[Skip to Content]
[Skip to Content Landing]
Original Investigation
March 20, 2018

Quality of Health Care for Children in Australia, 2012-2013

Author Affiliations
  • 1Centre for Healthcare Resilience and Implementation Science, Australian Institute of Health Innovation, Macquarie University, Sydney, New South Wales, Australia
  • 2Centre for Population Health Research, Sansom Institute for Health Research, The University of South Australia, Adelaide, South Australia, Australia
  • 3Australian Patient Safety Foundation, Adelaide, South Australia, Australia
  • 4School of Women’s and Children’s Health, University of New South Wales, Sydney, New South Wales, Australia
  • 5Department of Respiratory Medicine, Sydney Children’s Hospital, Sydney Children’s Hospital Network, Randwick, New South Wales, Australia
  • 6Discipline of Paediatrics, School of Women’s and Children’s Health, University of New South Wales, Sydney, New South Wales, Australia
  • 7Sydney Children’s Hospital, Sydney Children’s Hospital Network, Randwick, New South Wales, Australia
  • 8Kids Research Institute, Sydney Children’s Hospital Network, Westmead, New South Wales, Australia
  • 9Sydney Medical School, University of Sydney, Sydney, New South Wales, Australia
  • 10Centre for Primary Health Care and Equity, Faculty of Medicine, University of New South Wales, Sydney, New South Wales, Australia
  • 11Children’s Health Queensland Hospital and Health Service, Herston, Queensland, Australia
  • 12Division of Paediatric Medicine, Women’s and Children’s Hospital, North Adelaide, South Australia, Australia
  • 13Russell Clinic, Blackwood, South Australia, Australia
  • 14Australian Commission on Safety and Quality in Health Care, Sydney, New South Wales, Australia
  • 15Southern Adelaide Local Health Network, Bedford Park, South Australia, Australia
  • 16New South Wales Ministry of Health, North Sydney, New South Wales, Australia
  • 17Clinical Excellence Division, Queensland Department of Health, Brisbane, Queensland, Australia
  • 18International Society for Quality in Health Care, Dublin, Ireland
  • 19Bupa Health Foundation Australia, Sydney, New South Wales, Australia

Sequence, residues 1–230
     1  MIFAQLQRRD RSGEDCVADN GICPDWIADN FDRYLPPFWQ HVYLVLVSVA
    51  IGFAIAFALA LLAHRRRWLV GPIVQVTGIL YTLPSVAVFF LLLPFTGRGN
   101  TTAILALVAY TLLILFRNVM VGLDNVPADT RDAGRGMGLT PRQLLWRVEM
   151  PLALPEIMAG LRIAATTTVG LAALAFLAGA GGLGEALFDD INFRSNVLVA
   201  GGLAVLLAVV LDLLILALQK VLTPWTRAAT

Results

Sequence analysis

• 20New South Wales Agency for Clinical Innovation, Chatswood, New South Wales, Australia
  • 21Clinical Excellence Commission, Sydney, New South Wales, Australia
  • 22London School of Hygiene and Tropical Medicine, London, United Kingdom
  • 23World Health Organization, Geneva, Switzerland
  • 24The University of Warwick, Coventry, United Kingdom
  • 25Cincinnati Children’s Hospital Medical Center, Cincinnati, Ohio
JAMA. 2018;319(11):1113-1124. doi:10.1001/jama.2018.0162
Key Points

Question  Is health care for children in Australia consistent with quality standards?

Findings  In this study of 6689 Australian children aged 15 years and younger, a comparison of clinical records against quality indicators for 17 important child health conditions, such as asthma and type 1 diabetes, estimated that overall adherence was 59.8%, with substantial variation across conditions.

Meaning  For many important child health conditions, the quality of care in Australia may not be optimal.

Abstract

Importance  The quality of routine care for children is rarely assessed, and then usually in single settings or for single clinical conditions.

Objective  To estimate the quality of health care for children in Australia in inpatient and ambulatory health care settings.

Design, Setting, and Participants  Multistage stratified sample with medical record review to assess adherence with quality indicators extracted from clinical practice guidelines for 17 common, high-burden clinical conditions (noncommunicable [n = 5], mental health [n = 4], acute infection [n = 7], and injury [n = 1]), such as asthma, attention-deficit/hyperactivity disorder, tonsillitis, and head injury. For these 17 conditions, 479 quality indicators were identified, with the number varying by condition, ranging from 9 for eczema to 54 for head injury. Four hundred medical records were targeted for sampling for each of 15 conditions while 267 records were targeted for anxiety and 133 for depression. Within each selected medical record, all visits for the 17 targeted conditions were identified, and separate quality assessments made for each. Care was evaluated for 6689 children 15 years of age and younger who had 15 240 visits to emergency departments, for inpatient admissions, or to pediatricians and general practitioners in selected urban and rural locations in 3 Australian states. These visits generated 160 202 quality indicator assessments.

Exposures  Quality indicators were identified through a systematic search of local and international guidelines. Individual indicators were extracted from guidelines and assessed using a 2-stage Delphi process.

Main Outcomes and Measures  Quality of care for each clinical condition and overall.

Results  Of 6689 children with surveyed medical records, 53.6% were aged 0 to 4 years and 55.5% were male. Adherence to quality of care indicators was estimated at 59.8% (95% CI, 57.5%-62.0%; n = 160 202) across the 17 conditions, ranging from a high of 88.8% (95% CI, 83.0%-93.1%; n = 2638) for autism to a low of 43.5% (95% CI, 36.8%-50.4%; n = 2354) for tonsillitis. The mean adherence by condition category was estimated as 60.5% (95% CI, 57.2%-63.8%; n = 41 265) for noncommunicable conditions (range, 52.8%-75.8%); 82.4% (95% CI, 79.0%-85.5%; n = 14 622) for mental health conditions (range, 71.5%-88.8%); 56.3% (95% CI, 53.2%-59.4%; n = 94 037) for acute infections (range, 43.5%-69.8%); and 78.3% (95% CI, 75.1%-81.2%; n = 10 278) for injury.

Conclusions and Relevance  Among a sample of children receiving care in Australia in 2012-2013, the overall prevalence of adherence to quality of care indicators for important conditions was not high. For many of these conditions, the quality of care may be inadequate.

×